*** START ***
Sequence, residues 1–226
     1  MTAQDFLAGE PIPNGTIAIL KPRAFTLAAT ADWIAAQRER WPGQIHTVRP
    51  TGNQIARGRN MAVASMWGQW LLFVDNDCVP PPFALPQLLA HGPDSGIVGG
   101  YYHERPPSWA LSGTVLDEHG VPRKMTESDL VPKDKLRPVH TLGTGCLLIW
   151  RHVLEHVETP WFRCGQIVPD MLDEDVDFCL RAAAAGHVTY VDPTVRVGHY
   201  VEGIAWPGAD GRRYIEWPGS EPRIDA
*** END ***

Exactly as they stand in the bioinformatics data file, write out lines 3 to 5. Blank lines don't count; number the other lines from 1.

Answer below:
    51  TGNQIARGRN MAVASMWGQW LLFVDNDCVP PPFALPQLLA HGPDSGIVGG
   101  YYHERPPSWA LSGTVLDEHG VPRKMTESDL VPKDKLRPVH TLGTGCLLIW
   151  RHVLEHVETP WFRCGQIVPD MLDEDVDFCL RAAAAGHVTY VDPTVRVGHY